Passing of the Negro Jockey, Daily Racing Form, 1910-07-13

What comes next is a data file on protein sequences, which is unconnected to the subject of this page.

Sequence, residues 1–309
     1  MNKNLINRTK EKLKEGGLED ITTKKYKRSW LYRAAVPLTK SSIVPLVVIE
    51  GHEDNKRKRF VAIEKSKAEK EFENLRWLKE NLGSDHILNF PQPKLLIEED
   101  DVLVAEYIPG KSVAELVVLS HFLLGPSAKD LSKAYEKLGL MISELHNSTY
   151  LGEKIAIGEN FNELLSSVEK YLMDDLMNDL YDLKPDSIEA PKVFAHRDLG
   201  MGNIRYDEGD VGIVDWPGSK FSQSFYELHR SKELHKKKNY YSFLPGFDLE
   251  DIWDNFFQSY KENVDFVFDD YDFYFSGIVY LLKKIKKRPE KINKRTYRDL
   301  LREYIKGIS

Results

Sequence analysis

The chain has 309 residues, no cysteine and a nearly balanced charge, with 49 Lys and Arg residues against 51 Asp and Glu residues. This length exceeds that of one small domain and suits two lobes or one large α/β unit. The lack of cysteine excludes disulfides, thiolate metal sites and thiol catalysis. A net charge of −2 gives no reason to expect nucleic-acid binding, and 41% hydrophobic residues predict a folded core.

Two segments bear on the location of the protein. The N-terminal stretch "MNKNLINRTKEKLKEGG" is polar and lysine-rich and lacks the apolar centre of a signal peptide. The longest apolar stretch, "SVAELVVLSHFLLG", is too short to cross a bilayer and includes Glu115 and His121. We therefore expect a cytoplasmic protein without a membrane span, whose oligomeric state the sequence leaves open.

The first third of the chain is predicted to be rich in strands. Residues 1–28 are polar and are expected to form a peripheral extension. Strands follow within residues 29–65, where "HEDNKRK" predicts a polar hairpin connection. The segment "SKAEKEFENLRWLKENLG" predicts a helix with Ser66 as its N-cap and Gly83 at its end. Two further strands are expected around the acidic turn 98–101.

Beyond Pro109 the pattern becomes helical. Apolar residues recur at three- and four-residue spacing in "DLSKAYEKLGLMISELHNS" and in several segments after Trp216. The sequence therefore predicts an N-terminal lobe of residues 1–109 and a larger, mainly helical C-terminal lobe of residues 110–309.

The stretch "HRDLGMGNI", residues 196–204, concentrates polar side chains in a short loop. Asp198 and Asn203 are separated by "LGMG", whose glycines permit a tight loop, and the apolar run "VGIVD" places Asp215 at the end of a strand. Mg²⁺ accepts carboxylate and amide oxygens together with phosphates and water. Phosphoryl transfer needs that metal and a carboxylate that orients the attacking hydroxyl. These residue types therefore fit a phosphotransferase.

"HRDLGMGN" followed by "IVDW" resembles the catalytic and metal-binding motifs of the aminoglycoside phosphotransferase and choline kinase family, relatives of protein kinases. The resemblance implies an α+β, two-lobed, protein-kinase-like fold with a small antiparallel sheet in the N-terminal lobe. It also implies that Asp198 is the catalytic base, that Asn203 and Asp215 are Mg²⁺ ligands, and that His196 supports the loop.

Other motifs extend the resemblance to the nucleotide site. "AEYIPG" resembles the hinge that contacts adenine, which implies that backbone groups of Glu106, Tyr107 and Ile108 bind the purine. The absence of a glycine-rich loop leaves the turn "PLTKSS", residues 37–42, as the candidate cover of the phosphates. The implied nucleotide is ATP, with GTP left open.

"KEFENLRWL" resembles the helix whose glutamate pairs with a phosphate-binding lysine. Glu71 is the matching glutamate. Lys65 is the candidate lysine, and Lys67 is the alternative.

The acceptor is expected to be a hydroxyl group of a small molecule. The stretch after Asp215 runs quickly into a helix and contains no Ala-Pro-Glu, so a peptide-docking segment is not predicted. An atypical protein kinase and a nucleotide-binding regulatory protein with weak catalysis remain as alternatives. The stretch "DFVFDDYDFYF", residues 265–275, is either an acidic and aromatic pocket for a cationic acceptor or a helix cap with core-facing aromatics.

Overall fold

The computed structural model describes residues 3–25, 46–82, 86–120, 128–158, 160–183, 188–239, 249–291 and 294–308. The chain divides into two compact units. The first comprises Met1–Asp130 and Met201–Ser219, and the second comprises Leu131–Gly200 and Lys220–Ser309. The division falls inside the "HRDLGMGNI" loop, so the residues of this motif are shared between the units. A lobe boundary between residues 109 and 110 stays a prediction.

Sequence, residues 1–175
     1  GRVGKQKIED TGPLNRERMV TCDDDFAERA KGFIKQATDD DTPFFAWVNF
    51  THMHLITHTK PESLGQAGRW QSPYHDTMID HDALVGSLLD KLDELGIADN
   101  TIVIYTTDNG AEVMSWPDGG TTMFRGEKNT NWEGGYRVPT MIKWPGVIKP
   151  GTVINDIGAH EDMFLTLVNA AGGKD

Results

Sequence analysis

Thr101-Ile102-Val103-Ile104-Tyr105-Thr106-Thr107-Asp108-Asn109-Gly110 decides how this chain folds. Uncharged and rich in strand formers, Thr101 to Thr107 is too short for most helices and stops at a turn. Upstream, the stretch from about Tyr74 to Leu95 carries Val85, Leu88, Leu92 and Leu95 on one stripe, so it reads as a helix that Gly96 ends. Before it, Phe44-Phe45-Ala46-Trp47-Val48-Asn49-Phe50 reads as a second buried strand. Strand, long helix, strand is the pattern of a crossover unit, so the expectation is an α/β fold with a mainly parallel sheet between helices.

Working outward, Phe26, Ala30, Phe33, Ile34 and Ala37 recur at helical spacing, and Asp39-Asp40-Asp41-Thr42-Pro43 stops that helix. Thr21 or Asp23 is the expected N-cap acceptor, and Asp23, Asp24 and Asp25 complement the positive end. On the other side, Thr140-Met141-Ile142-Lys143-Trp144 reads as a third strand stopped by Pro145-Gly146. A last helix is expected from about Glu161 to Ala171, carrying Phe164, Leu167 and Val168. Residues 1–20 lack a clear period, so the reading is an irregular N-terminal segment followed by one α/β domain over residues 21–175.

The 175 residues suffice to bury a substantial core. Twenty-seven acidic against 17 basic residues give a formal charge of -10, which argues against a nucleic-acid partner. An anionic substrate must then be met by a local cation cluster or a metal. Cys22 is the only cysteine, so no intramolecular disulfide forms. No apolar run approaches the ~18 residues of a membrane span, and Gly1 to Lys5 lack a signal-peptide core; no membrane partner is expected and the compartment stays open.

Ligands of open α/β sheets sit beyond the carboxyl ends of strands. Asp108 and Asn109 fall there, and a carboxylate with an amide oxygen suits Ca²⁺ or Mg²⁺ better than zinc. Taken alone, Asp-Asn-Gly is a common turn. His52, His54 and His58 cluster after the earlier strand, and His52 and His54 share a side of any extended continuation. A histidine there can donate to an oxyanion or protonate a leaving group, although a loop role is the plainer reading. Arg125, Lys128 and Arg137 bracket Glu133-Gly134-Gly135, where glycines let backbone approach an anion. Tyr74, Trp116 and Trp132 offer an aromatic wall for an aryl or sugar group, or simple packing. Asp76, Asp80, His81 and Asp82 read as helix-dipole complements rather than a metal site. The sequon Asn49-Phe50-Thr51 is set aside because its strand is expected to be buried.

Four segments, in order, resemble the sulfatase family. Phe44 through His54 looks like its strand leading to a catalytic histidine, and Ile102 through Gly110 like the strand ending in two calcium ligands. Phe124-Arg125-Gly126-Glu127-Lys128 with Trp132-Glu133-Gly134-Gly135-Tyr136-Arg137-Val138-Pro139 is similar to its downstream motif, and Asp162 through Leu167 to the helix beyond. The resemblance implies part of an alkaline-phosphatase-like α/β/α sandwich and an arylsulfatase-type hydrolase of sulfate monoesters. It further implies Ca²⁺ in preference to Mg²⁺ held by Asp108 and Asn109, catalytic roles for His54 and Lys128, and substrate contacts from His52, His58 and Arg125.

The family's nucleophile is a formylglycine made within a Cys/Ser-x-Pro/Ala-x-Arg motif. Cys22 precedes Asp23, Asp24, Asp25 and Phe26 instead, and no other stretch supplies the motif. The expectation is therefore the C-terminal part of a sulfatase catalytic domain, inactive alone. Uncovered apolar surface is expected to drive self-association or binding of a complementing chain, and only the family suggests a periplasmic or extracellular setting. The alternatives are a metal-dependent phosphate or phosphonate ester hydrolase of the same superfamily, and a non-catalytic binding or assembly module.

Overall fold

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PASSING OF THE NEGRO JOCKEY. What has b me of all the negro jockeys? A few years ago it was no uncommon thing to see four or five in every race. Mtiny of them became celebrities. Isaac Murphy was accounted as good a rider as this country ever saw. On Salvator he won the Suburban, beating Cassius by a head. Murphy also rode Salvator when he beat Tenny in a match race. Murphy was called "the colored Archer" for the reason that both the English jockey and the American negro were • -marvelous judges of |ki h . Murphy rode for J. B. Ilaggin and all the prominent stables racing iu the south and east. He died some time ago. Tony Hamilton, another celebrated negro jockey, was brought out by William Lakeland. Hamilton died in Russia. His home was in Brooklyn. "Monk" Overton, famous for his great ability in the homestretch, rode for Edward Corrigan. Overton owns a saloon in Chicago. Willie Simnis, a inulatta. rode for the late M. F. Dwyer: also for Dwycr and Richard Croker iu England about the vear 1892. Winktield rode the great McCliesney for S. C. Hildreth. This horse is now in the stud in the Argentine Republic. McCliesney always hated uc groos — for that matter, hated anything black. It was often necessary to blindfold the borne before Winkfield could get in the saddle. Mi-Chesnevs antipathy toward anything of dark complexion began a hen as a two-year-old at Washington Park. Chicago, he was bumped and knocked down bv a bkick colt. He hit a fence post and was knocked out of training for the rest of the season. After that Mc-Chesney would never tolerate anything "r anybody that was black. Once, after his morning exercise at New Orleans, he was returned to his stall to find that a black goat had straywl within. Witii his teeth the horse picked up Mr. Goat by tbtf middle of the back and dropped him overboard. Aside from this peculiarity McCliesney was always a good-tempered horse and even in this he was not vicious. Pike Barnes was another notable among the negro jockeys. Tlie popularity of the colored riders mi largely due to the fact that they were brought to the east and north by owners and trainers when most of the race horses were bred in the south. Tlie negro is a natural ami close friend of the thorough bred. But the disappearance of negro jockeys is not so well understood. Some horsemen say that the white boys have driven them away by threats of fouling on the track and by lighting and other uncomfortable methods. Certainly of late there has been a decided paucity of colored riding material.

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